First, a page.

Aloe Vera Gel is a proven cure for pimples and a lot of skin problems, and Most people are aware of the benefits of aloe vera gel on sunburns. It is splendid for soothing pain and reducing inflammation caused by minor burns, but in addition to that, it has a broad application of uses.
Several other over-the-counter first aid products can easily be replaced with homemade, natural versions. Aloe vera is antiseptic, anti-inflammatory, and has antioxidant properties that aid in healing.
I use aloe vera gel in some of my beauty care recipes. It is very hydrating to the skin but does not give an oily feel, so it is suitable for most skin types. These qualities also make it great for the hair and scalp, particularly if you struggle with dry, dandruff, and itchy scalp.
Many people also take aloe vera privately to aid in digestion and to help relieve stomach ulcers. Aloe vera gel holds various vitamins and minerals that help replenish the body. These solutions should be practiced under the advice of your health care provider.
Where Can You Get It
Aloe vera is a beautiful houseplant. Not only will it help filter the air in your home, but you will always have it on hand for all of its great uses. A small aloe vera plant shouldn’t be too hard to find at a nursery.
The aloe plant is similar to a cactus in care requirements. It requires well-draining, sandy soil and does not tolerate frost, but will do very well indoors. Water it thoroughly but then allow the soil to dry about 2 inches down before watering again. (Be sure to check the care instructions for your particular plant.)
As I mentioned, I was able to get cut aloe vera leaves locally in the produce section at a grocery store, but they are probably going to be more readily available at organic stores or markets that cater to healthful living. You could also try a smaller grocery store that specializes in Indian food if you have one in your area.
How To Harvest The Gel from Aloe Vera
Aloe vera leaves are long and slightly curved with serrated edges. The gel is the thick fleshy part that is between the skin of the leaf.
- sharp knife
- aloe vera leaf
- clean sealed container for storing
- blender or immersion blender
- clean bowl (if you are using an immersion blender)
- Cut the stalk into sections about 8″ long. This makes it a little more manageable.
- Cut off the serrated edge. Try to get just the side because it is challenging to get the gel out of those pieces.
- Cut the 8″ lengths into 2 or 3 long strips.
- Turn the leaf to its side, and slide it under the skin on the end of one of the strips.
- Carefully slide the knife along the bottom edge of the skin down the whole length of the leaf. Try to stay close to the surface so you get as much gel as you can.
- Once you get the whole piece of skin off, flip the section over, and repeat with the other side.
- Cut the flesh into 2 or 3 pieces and place in a clean bowl (if you are using an immersion blender) or your blender pitcher.
- Repeat steps 4-7 until all sections have been skinned and gathered into your blender pitcher.
- Blend until smooth. It will immediately froth when you start your blender. This is normal. If you are using an immersion blender, blend it in the bowl until smooth.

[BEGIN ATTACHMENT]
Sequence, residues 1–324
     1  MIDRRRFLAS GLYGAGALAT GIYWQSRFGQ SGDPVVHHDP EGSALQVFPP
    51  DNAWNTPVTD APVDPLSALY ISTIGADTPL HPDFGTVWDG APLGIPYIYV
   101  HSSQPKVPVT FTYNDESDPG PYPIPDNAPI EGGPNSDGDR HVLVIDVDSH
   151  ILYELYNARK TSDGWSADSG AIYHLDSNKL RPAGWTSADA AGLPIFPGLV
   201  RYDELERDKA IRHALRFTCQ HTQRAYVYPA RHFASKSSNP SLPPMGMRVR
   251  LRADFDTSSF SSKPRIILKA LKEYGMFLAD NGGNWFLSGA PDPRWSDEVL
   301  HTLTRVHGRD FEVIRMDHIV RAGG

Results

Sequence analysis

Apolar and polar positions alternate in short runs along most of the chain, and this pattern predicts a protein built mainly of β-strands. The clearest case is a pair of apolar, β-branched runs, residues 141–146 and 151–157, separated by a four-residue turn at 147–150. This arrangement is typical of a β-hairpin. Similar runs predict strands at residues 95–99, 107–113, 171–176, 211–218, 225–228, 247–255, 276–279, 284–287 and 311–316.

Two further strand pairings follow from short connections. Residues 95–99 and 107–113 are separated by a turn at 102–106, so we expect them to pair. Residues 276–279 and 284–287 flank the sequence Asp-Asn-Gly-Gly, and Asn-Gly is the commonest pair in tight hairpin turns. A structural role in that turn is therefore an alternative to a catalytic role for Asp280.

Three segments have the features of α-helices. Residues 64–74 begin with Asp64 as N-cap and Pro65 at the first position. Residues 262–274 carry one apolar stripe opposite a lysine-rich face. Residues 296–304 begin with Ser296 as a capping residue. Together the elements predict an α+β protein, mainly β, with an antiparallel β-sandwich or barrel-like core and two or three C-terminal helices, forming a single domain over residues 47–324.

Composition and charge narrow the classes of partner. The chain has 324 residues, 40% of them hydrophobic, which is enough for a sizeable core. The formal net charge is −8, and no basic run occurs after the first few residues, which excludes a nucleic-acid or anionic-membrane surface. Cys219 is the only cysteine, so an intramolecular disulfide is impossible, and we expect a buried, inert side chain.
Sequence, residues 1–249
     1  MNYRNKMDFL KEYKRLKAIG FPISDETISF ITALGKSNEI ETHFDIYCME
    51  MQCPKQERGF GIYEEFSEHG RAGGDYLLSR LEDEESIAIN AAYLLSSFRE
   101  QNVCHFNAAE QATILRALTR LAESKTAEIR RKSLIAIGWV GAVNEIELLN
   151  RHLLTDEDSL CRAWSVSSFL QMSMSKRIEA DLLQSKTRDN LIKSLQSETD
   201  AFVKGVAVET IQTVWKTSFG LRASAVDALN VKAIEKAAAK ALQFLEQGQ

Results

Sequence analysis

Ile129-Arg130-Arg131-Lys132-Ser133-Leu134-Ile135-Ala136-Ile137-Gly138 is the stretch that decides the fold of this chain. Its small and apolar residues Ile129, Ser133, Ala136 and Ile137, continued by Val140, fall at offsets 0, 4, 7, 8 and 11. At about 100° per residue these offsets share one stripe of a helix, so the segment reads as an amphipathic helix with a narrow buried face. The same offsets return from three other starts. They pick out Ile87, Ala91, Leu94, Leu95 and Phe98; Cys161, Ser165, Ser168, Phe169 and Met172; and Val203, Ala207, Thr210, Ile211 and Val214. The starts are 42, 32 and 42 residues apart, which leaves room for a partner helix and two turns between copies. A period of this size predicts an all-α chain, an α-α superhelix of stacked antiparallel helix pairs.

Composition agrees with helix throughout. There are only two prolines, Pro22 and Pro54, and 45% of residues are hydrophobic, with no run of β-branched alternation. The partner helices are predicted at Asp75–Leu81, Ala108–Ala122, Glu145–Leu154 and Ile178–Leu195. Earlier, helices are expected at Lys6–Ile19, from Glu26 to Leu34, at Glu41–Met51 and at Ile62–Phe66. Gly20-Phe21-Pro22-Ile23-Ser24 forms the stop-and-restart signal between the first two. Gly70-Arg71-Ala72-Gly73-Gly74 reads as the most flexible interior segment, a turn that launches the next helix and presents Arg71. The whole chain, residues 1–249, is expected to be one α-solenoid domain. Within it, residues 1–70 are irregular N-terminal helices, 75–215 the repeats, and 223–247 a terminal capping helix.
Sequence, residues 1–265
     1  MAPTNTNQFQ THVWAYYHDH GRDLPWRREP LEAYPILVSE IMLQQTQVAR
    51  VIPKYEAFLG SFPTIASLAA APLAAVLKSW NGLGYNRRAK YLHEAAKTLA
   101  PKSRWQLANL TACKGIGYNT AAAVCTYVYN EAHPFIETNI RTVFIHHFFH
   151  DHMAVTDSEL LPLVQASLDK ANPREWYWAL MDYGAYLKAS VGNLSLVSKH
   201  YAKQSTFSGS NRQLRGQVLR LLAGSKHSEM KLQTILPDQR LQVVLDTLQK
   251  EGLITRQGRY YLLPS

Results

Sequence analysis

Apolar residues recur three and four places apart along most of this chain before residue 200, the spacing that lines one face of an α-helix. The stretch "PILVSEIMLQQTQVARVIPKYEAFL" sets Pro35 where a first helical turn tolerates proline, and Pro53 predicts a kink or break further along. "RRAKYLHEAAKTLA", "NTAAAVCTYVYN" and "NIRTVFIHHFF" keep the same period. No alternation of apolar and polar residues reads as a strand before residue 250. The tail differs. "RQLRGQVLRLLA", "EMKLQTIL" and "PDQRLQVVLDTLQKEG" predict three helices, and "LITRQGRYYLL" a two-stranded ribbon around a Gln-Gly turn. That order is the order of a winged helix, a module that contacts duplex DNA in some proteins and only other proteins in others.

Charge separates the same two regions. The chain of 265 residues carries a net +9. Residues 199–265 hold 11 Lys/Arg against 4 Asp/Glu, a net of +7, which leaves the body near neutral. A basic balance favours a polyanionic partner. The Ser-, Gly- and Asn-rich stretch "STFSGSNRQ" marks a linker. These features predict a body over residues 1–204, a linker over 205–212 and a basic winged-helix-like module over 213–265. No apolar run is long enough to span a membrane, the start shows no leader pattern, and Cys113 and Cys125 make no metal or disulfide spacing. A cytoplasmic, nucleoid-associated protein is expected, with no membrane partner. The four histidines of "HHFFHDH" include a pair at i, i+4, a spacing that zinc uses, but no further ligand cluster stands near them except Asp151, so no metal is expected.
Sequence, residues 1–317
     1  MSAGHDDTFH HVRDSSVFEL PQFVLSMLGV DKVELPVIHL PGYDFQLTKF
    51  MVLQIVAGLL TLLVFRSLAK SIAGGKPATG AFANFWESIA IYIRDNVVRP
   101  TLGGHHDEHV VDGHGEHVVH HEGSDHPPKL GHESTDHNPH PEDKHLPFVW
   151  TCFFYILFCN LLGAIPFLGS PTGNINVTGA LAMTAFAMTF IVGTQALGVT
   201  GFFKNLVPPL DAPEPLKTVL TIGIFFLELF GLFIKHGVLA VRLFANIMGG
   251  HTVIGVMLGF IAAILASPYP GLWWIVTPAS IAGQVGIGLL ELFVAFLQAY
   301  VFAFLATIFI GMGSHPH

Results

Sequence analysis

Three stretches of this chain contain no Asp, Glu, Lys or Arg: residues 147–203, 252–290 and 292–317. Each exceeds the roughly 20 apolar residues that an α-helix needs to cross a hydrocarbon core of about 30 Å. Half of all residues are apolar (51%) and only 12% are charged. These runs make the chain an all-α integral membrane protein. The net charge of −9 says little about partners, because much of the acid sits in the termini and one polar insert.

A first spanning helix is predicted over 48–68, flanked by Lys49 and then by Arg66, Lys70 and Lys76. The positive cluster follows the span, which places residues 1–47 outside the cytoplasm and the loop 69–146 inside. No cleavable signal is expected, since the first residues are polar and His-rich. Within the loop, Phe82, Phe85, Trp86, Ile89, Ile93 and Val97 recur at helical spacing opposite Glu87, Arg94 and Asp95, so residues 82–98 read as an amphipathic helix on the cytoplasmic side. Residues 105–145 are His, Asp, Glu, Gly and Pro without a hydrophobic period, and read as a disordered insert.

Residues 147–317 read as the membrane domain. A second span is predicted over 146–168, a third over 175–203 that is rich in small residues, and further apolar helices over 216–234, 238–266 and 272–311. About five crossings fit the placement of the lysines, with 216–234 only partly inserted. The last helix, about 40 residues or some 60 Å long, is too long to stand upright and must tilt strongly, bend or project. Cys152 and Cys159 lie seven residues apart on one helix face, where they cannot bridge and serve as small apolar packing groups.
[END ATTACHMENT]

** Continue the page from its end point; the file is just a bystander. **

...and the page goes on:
- The foam will eventually go down. You can wait, or you can go ahead and pour the gel into the clean storage container and refrigerate.
- It will keep in the refrigerator for about a week.
Preserving The Gel
Fresh aloe vera gel will only be good for about a week in the refrigerator. This may not be a problem if you are using a smaller leaf from your houseplant, but if you buy a large sheet, you will likely end up with more gel than you can use in a week. There are other ways you can preserve it so that none of it goes to waste.
After you store the aloe vera gel, you will use it in the coming week, pour the extra gel into ice cube trays and freeze until solid. Then transfer the aloe cubes into a freezer-safe container or bag. Pull out an aloe cube as needed for burns or to use it in one of the above recipes. This is a great way to keep it on hand if having your plant is not an option.
Alternately, before you blend the flesh, cut it into cubes and lay it on a parchment-lined baking sheet and freeze until solid. Once the pieces are solid, transfer to a freezer-safe container or bag. Pull a bit out as needed.
Add Natural Preservatives
When I get one of the large leaves, I usually end up with about 1.5 cups. I place 1 cup into a clean pint mason jar. The leftover gel gets frozen, as I instructed earlier. I waited for the foam to go down before I did this, so I knew exactly how much I had.
To the 1 cup, I add1600 IU (1 tablespoon or 4 400 IU capsules) of Vitamin E, and 2000 mg of Vitamin C. Powdered Vitamin C works well, or you can crumple the proper amount of tablets. Stir well until the vitamins are well incorporated. I stirred for a bit and then let it sit. When I came back to remix it, Vitamin C was much easier to stir in.
You could also blend this with your immersion blender. This should increase the life of your gel to about eight months if it is stored in the refrigerator.